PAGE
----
Using Altered Fidelity Viruses to Study Viral Attenuation and Population Genetics During Vertebrate Host Infection
Warmbrod, Kelsey Lane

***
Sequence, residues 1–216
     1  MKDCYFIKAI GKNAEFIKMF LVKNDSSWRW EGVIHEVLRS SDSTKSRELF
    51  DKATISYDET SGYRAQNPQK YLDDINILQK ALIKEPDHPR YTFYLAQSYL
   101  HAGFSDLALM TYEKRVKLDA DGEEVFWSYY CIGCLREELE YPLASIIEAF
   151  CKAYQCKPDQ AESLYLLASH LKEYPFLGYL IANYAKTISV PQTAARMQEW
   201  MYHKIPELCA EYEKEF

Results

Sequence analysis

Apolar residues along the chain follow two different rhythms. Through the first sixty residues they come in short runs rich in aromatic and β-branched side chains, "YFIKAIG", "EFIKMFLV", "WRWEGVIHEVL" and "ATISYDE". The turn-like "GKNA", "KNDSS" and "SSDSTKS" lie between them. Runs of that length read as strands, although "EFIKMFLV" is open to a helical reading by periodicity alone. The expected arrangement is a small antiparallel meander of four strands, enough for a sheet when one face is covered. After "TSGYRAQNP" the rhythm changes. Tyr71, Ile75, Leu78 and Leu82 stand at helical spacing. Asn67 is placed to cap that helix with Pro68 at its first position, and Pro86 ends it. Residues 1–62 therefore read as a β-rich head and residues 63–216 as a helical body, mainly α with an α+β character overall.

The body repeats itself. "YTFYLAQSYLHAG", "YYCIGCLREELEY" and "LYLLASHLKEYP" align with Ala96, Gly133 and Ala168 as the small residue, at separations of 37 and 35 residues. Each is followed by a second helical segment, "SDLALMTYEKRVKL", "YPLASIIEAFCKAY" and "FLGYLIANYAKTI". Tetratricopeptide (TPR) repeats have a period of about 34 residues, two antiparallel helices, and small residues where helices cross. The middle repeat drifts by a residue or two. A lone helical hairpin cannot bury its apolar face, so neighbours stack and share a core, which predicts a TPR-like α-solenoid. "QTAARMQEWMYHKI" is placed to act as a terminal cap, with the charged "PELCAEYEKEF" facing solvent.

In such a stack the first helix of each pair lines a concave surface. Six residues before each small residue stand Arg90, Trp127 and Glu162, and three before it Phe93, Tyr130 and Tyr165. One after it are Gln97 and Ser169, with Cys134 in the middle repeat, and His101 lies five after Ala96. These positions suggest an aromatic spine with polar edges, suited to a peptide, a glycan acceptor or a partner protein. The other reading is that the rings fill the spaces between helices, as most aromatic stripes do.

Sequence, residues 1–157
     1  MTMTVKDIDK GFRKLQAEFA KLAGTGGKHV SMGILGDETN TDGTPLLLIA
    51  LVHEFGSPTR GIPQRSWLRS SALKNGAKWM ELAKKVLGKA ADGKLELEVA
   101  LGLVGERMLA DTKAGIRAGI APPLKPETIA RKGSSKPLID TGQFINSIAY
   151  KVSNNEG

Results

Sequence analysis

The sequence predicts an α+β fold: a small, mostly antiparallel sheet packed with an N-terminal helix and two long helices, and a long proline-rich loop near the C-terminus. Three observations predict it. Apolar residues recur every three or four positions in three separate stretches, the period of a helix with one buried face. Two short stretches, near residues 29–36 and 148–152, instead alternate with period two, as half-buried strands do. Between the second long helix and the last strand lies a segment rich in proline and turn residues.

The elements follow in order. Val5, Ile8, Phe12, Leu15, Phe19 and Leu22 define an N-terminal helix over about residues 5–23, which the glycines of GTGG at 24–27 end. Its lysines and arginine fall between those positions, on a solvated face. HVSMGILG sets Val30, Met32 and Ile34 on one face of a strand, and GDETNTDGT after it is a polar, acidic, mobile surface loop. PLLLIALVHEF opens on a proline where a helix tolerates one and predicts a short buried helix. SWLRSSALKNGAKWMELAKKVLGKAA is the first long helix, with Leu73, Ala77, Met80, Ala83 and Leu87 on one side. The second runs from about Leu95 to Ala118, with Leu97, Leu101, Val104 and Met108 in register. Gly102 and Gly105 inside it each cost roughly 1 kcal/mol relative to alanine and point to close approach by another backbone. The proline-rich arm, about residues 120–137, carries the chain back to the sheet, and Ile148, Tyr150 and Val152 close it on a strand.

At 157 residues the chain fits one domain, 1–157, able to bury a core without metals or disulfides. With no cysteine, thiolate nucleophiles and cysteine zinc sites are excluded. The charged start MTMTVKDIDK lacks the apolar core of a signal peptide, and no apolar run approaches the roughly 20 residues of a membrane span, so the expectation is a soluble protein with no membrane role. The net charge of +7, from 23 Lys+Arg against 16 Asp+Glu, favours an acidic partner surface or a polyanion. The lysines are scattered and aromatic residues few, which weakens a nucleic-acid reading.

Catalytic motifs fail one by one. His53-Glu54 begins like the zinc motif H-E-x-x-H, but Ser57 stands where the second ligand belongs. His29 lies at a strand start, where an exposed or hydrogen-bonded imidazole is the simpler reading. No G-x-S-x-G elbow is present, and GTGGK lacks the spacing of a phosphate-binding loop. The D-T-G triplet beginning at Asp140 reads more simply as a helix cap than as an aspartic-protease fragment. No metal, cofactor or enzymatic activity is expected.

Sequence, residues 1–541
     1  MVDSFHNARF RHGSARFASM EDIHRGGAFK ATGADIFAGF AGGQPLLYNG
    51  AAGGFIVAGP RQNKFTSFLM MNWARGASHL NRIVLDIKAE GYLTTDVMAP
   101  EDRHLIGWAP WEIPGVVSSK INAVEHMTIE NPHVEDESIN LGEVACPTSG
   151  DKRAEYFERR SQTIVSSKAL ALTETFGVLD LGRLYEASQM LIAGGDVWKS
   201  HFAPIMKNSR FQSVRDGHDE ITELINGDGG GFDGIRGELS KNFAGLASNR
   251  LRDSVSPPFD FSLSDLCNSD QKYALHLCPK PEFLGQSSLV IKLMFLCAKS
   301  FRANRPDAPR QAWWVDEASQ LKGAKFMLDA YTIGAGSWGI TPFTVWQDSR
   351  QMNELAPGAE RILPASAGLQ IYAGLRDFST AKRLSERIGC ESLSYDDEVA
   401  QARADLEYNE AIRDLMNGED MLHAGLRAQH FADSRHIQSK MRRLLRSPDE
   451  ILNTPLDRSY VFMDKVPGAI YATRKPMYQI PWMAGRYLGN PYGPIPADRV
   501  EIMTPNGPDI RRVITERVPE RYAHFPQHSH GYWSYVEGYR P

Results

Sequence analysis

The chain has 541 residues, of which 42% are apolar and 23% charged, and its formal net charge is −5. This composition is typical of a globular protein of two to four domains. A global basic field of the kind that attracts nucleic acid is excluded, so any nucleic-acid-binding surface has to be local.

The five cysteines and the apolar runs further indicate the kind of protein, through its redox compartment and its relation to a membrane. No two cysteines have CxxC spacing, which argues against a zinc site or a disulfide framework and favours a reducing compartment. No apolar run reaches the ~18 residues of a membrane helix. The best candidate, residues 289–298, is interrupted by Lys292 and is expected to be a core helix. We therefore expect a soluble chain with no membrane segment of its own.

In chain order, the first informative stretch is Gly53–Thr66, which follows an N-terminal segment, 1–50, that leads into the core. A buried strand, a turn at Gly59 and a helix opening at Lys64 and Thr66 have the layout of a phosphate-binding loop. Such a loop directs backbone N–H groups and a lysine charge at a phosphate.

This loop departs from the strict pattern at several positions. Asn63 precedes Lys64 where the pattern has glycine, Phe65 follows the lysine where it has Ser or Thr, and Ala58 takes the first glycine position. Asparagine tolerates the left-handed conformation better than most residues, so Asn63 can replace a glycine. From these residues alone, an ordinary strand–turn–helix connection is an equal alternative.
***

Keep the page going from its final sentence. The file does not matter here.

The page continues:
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The requirement of arthropod and vertebrate hosts for the host life cycle of an arbovirus constrains its evolution. For the viral population to survive in two hosts, the ability to produce genetic diversity within the population is essential. RNA viruses contain an RNA dependent RNA polymerase (RdRp) that creates a population of closely related but slightly different variants following each replication cycle. These variants can interact with each other, allowing the viral population to overcome selection pressures without adapting the consensus sequence to one organism over the other. When the RdRp fidelity is altered, the virus is attenuated in vivo. A potential mechanism for this attenuation could be from the viruses’ inability to overcome bottlenecks during infection. The effects of altered fidelity on mutational coupling and pathogenesis were studied using Venezuelan equine encephalitis virus (VEEV) as a model system. Fidelity mutants were generated and validated in a WT VEEV strain. These mutants were then used to infect mice. Mutants with altered fidelity demonstrated decreased lethality and dissemination compared to the parental virus, suggesting that constraining diversity inhibits a viral population’s ability to recover from bottlenecks occurring during infection.